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Ethics and the Neural Code

Brain mapping combined with electrical stimulation presents both promise and peril, which the neuroscience community is taking seriously, according to one pioneer

By
Jason Socrates Bardi, Editor-in-Chief
Fri, 05/26/2017

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Yuste is wearing a red shirt and sitting in the grand lobby of the Moscone West convention center at dusk

Rafael Yuste, a neuroscience professor and the director of the Neuro Technology Center at Columbia University sitting for an interview on January 29, 2017 at the SPIE Photonics West meeting in San Francisco.

Jason Bardi/AIP

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Modern medicine has yet to decipher the neural code—those rules of the game that relate the spatial and temporal patterns of our neuronal activity to our higher behaviors and mental states. But the most recent results of high-resolution, 3-D brain mapping animal studies have shown great promise. We can read distinct patterns of activity, disrupt them or even write new patterns with specific meaning and content.

To many, it's a wonderful new world. Emerging neuroimaging technologies promise to impact research, medicine and society and revolutionize everything from the treatment of mental diseases to our philosophical understanding of consciousness.

To some, it's also a brave new world. Those same recent results portend the peril that could come through the improper, unethical use of such tools. That suggests a clear need for ethical guidelines to calm fears and ensure technologies developed in the coming years will truly be for the benefit of humanity, according to Rafael Yuste, a neuroscience professor and the director of the Neuro Technology Center at Columbia University.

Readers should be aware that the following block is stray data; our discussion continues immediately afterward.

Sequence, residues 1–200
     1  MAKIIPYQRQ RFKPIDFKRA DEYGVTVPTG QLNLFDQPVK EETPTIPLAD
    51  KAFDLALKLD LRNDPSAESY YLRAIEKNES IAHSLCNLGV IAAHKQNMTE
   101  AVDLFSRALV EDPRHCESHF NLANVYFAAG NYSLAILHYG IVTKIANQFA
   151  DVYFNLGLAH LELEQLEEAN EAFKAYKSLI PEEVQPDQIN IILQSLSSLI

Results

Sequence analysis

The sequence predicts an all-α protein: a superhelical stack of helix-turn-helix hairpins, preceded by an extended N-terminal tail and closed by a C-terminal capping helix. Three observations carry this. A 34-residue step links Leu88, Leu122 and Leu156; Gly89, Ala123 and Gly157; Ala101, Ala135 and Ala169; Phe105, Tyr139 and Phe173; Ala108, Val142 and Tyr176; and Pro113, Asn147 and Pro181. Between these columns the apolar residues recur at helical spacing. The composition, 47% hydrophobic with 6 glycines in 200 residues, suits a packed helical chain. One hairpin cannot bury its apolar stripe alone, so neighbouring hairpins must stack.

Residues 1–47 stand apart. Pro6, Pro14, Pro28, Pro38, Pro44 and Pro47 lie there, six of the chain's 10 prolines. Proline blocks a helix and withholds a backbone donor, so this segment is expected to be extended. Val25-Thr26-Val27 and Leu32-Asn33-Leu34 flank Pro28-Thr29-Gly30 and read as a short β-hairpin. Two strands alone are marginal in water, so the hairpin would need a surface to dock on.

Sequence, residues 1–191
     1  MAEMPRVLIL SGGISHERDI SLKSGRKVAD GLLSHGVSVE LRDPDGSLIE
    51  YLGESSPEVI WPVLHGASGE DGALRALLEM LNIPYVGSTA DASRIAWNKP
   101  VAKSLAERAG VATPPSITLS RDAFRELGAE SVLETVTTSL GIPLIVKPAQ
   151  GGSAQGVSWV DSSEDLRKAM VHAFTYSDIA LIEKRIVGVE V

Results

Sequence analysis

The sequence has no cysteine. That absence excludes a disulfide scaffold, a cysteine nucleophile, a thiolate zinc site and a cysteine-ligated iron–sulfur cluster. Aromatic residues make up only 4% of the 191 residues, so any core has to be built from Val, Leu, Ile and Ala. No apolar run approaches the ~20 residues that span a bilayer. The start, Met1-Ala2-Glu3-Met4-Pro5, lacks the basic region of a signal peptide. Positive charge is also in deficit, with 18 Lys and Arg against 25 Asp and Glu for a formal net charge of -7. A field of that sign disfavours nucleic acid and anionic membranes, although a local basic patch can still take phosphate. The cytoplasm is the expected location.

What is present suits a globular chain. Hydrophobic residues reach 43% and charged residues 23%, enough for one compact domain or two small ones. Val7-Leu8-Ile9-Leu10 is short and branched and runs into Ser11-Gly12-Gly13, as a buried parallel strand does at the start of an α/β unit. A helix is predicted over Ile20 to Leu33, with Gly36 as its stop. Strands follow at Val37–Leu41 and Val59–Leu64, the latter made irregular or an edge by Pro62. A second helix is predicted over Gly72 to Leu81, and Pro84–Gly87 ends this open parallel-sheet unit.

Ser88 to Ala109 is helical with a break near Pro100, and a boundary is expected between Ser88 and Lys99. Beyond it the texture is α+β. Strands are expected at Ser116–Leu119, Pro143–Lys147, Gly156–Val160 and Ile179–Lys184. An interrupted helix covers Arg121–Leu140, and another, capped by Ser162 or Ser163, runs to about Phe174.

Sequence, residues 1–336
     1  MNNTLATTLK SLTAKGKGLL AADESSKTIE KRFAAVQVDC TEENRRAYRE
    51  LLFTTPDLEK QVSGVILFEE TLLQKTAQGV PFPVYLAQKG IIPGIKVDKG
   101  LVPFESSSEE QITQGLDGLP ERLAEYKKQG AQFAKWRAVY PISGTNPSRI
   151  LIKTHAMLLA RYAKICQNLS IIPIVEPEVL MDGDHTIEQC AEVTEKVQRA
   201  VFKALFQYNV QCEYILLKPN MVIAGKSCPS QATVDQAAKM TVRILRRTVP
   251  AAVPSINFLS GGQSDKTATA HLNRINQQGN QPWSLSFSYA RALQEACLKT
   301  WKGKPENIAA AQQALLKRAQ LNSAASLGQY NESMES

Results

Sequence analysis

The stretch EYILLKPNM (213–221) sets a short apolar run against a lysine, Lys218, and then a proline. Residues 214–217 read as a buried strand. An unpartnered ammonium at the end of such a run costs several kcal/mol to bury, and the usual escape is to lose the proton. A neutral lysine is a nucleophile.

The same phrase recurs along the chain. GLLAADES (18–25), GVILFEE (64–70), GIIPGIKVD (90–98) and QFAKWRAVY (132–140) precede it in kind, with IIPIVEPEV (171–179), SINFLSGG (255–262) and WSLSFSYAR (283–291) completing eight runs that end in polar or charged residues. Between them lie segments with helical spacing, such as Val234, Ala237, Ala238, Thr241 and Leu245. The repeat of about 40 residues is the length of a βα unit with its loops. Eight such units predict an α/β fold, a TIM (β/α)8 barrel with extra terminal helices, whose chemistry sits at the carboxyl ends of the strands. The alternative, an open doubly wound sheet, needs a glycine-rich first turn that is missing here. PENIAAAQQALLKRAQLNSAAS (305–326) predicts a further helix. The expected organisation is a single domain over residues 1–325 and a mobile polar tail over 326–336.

We sat down with Yuste at the SPIE Photonics West conference in San Francisco on January 29, 2017 to interview him for an upcoming video for AIP's Inside Science News Service, which is owned and operated out of AIP. This is a partial transcript of that interview.

How do you develop ethical guidelines for future technologies when you don't know what the resulting technology or its uses—or misuses—could be?

We actually organized a workshop at Columbia in September [2016], where we invited top experts in neuro technology today with experts in ethics and bioethics, exactly to address these issues you raise: What is likely to happen? What things are in the pipeline? And the overwhelming sensation of all of us who organized, who were at this workshop is that even today, there’s already methods out there that you have to be watchful for.

And the things that are in the pipeline are things that are very likely going to have a huge impact on society. So it’s not the science fiction realm anymore, and I think it behooves us as not just scientists but responsible citizens to think ahead of the population and alert society of what is coming so that it can be properly integrated into the world.

You mentioned technologies that are in the pipeline. Can you talk about some of the technologies that are coming down the road —and maybe even some that are imagined.